The benefits of contributing to your community in later life
Evidence has shown that those in later life who make voluntary contributions report an increase in wellbeing, self-esteem and social connections.
From jury service to street parties, soup kitchens to popping round to make a cup of tea, unpaid voluntary activities make an essential contribution to every community, sustaining the structures and fabric of community life.
There is also a large and growing body of evidence on the benefits that people derive from voluntarily helping others (e.g. Onyx & Warburton, 2003). We want to find ways to enable more people in later life to take up opportunities to contribute their skills, knowledge and experience, because we believe this will help them build and improve their social connections and sense of meaning and purpose.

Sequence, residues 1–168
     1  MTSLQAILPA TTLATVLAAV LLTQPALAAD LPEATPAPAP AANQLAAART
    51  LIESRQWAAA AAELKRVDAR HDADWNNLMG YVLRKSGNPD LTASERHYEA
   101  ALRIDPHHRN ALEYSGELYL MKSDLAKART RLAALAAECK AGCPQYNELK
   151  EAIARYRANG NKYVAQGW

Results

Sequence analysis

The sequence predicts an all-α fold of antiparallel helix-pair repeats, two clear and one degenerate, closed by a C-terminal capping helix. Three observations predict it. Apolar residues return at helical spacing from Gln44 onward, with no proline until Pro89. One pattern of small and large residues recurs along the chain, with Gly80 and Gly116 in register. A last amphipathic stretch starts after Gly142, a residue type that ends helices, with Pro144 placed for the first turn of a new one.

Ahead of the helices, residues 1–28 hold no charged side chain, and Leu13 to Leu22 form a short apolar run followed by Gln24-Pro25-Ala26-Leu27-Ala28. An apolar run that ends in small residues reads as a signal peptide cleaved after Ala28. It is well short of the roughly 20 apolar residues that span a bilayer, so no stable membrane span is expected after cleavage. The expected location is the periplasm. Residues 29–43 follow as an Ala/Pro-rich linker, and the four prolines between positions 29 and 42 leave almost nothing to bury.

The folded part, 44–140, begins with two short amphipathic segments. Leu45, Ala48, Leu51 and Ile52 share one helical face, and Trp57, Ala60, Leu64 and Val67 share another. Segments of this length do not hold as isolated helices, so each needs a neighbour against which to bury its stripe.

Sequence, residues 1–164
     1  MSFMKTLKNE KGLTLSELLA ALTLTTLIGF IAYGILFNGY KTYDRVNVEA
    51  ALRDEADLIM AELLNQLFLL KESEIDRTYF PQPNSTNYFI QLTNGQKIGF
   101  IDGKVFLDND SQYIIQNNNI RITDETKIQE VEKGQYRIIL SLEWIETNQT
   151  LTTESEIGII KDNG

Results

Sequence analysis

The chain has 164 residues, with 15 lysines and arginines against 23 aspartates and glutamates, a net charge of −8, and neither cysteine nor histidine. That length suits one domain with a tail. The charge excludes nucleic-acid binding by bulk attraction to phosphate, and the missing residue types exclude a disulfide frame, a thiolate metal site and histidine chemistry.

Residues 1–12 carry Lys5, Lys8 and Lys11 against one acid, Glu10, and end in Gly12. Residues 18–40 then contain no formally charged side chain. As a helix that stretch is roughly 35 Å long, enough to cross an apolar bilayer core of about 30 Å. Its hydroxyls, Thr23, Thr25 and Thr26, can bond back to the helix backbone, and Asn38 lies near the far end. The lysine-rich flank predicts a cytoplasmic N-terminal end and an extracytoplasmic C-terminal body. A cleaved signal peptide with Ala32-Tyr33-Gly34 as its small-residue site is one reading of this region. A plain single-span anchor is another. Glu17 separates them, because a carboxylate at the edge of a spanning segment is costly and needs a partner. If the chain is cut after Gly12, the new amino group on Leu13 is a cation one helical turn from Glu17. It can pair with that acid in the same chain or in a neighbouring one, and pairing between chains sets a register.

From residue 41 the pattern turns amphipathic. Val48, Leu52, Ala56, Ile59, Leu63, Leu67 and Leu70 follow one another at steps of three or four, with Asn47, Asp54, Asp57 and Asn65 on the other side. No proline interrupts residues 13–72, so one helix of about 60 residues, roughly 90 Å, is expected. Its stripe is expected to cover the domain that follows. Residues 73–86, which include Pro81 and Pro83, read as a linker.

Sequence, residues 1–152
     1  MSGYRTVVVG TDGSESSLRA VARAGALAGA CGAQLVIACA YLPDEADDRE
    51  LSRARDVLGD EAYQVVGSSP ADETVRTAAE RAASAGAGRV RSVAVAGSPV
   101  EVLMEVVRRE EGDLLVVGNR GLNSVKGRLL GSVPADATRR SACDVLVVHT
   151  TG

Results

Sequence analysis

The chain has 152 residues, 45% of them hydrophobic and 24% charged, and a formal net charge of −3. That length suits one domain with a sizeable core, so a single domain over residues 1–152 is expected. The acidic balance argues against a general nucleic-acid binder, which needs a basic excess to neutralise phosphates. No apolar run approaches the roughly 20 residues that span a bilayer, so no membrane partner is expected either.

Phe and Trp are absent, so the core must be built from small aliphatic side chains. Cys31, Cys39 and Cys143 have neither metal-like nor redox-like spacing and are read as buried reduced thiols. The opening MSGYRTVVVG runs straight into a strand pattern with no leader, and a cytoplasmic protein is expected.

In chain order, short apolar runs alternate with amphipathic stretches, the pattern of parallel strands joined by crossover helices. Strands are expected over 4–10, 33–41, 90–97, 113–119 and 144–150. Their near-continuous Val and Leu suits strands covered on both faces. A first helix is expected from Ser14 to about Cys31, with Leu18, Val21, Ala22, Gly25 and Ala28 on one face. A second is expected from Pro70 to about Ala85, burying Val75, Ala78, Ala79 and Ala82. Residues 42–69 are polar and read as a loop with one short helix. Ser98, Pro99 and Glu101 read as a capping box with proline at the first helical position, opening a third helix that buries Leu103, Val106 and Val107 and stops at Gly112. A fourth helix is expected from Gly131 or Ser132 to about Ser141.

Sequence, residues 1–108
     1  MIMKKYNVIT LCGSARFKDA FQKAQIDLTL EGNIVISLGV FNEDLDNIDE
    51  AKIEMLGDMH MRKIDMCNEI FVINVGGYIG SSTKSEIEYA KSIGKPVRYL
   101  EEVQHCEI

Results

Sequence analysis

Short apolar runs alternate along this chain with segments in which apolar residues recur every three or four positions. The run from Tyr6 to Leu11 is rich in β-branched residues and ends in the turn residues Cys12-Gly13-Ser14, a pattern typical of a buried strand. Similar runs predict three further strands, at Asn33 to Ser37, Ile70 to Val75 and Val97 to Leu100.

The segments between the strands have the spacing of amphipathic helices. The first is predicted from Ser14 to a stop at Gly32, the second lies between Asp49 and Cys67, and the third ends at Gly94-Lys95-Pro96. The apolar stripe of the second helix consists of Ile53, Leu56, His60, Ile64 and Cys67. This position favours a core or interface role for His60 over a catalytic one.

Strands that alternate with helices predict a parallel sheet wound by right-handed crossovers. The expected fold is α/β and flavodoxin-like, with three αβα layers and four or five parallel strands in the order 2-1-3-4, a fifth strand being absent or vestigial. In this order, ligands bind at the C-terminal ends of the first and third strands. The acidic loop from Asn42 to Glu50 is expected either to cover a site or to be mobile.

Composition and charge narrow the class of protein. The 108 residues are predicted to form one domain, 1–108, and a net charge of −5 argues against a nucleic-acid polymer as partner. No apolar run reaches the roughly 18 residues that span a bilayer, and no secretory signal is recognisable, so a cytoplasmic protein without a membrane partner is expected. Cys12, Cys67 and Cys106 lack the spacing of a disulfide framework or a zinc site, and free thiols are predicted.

This review presents a summary of the evidence based on the benefits for people in later life of making unpaid contributions to their communities. We will explore people’s motivations, and the barriers and opportunities they face in making a contribution, in a separate review.
Evidence Briefing – The benefits of contributing to your community in later life